No to lifting plane vax rules

Re. Dan Albas column Is it time to drop vaccine passport for air travellers? (Castanet, May 19)

Dan Albas (MP for Central Okanagan–Similkameen–Nicola) asks in his May 19 report: "Do you believe it is time for the federal government to lift the vaccination requirement for train and air travel or is this something you would like to see remain in place?”

My reply is no.

Albas says Prime Minister Justin Trudeau reversed his stance against vaccine passports and used them as a wedge issue during last year’s pandemic election.

This is just Conservative Party spin, designed to appeal to those who are anti-vaxxers and libertarians.

Even though provinces and territories have reduced or eliminated certain restrictions, the COVID-19 virus hasn't gone away. Last week, Canada reached a grim milestone. The total number of COVID-related deaths in Canada is 40,000 plus.

"While the government continues to insist it is 'following the science,' it has shown no such documentation to support the continued enforcement of this exclusionary policy,” wrote Albas.

The science data continues to show being fully vaccinated and wearing a mask offers additional layers of protection against COVID-19.

A fully vaccinated person can still get COVID-19. But as Dr. Lisa Miller (professor of epidemiology and Associate Dean for Public Health Practice at the Colorado School of Public Health) wrote in February: "The most recent data from the Centers for Disease Control and Prevention shows that hospitalization rates are 16 times higher in unvaccinated adults compared to fully vaccinated ones, and rates of death are 14 times higher."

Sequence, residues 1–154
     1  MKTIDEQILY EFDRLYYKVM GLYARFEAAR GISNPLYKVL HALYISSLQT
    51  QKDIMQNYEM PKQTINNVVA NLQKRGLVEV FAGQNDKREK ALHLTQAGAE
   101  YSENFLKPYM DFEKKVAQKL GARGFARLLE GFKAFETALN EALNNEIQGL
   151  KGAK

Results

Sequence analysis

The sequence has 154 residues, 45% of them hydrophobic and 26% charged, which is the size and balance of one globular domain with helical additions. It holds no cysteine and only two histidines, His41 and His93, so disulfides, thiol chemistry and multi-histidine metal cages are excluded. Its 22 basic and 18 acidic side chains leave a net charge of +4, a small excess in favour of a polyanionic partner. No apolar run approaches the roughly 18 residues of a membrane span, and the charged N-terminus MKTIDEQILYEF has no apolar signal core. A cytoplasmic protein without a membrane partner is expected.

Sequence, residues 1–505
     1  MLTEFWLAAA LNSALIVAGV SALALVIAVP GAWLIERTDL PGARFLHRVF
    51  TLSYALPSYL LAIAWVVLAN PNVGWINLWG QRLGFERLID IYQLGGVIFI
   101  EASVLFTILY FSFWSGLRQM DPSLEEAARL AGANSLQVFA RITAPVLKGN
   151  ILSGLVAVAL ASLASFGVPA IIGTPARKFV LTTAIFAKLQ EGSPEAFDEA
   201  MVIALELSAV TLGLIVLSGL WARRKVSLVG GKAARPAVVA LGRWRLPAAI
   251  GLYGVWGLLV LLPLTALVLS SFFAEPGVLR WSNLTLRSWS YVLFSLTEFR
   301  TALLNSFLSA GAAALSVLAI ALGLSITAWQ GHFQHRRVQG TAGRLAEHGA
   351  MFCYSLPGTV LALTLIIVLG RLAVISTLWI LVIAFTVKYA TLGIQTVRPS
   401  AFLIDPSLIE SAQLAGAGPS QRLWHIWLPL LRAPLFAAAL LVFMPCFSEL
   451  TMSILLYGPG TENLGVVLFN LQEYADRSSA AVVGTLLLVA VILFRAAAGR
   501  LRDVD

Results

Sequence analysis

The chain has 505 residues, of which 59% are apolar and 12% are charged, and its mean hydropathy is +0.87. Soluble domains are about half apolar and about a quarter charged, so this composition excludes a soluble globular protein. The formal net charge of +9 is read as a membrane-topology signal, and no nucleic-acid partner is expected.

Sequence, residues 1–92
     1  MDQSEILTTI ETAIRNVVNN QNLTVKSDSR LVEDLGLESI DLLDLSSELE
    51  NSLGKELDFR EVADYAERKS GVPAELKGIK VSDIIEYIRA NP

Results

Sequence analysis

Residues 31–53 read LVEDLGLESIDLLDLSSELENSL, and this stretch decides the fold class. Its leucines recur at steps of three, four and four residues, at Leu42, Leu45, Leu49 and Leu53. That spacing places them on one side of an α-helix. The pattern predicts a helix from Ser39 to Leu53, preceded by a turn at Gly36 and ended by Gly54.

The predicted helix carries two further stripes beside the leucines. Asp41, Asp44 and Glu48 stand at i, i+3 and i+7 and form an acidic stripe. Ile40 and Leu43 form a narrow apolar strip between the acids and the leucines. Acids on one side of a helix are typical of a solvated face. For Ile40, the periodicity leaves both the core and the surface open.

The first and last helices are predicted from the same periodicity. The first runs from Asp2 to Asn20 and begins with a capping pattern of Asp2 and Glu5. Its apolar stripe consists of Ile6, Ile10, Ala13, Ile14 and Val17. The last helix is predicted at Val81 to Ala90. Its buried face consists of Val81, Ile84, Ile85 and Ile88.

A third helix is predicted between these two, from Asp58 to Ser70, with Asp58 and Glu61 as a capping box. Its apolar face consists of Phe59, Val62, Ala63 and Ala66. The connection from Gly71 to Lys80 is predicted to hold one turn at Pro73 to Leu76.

She added: “What is there to take away from all this? Most importantly, vaccination greatly reduces the risk of hospitalization and death by many times.”

Several studies have concluded wearing masks aboard a plane can decrease the likelihood of COVID-19 spreading. In August 2020, simulations looking into aerosol spread of COVID-19 aboard Boeing jets found that when passengers wore surgical masks, the reduction in droplets from coughing was more than 90 per cent.

A May 2021 U.K. study looked at the probabilities of inflight COVID-19 infection in an experiment conducted aboard a Boeing 777. For a 12-hour flight, researchers calculated that wearing high efficiency masks—such as N95s—can reduce the average probability of infection by 73 per cent, while low efficiency masks can reduce infection by 32 per cent. However, the effectiveness of these masks goes down when factoring in mealtime.

Last month, University of Saskatchewan epidemiologist Dr. Nazeem Muhajarine said airplane HEPA filters are only active if the plane's engines are on. During boarding, deplaning and refuelling (when engines are off) these filters don't offer any protection. Muhajarine believes removing the mandates for passengers would be "hugely unadvisable".

Even if you are the only one on the plane wearing a mask, Dr. Amesh Adaja, senior scholar at the Johns Hopkins Center for Health Security, says "one-way masking" can still help reduce your risk of catching the virus, especially if it's a well-fitted high efficiency mask, such as the N95.

As Albas seems so eager to see the vaccination requirement for train and air travel eliminated, I have two questions for him:

"Mr. Albas: You admit to being fully vaccinated.

1. If the vaccination requirement was eliminated tomorrow, how comfortable would you feel (on a scale of 0 to 10) travelling by air with a full load of passengers, if you were the only one vaccinated?

2. If the mask requirement was also eliminated, would you still wear one? Why or why not?"

David Buckna, Kelowna

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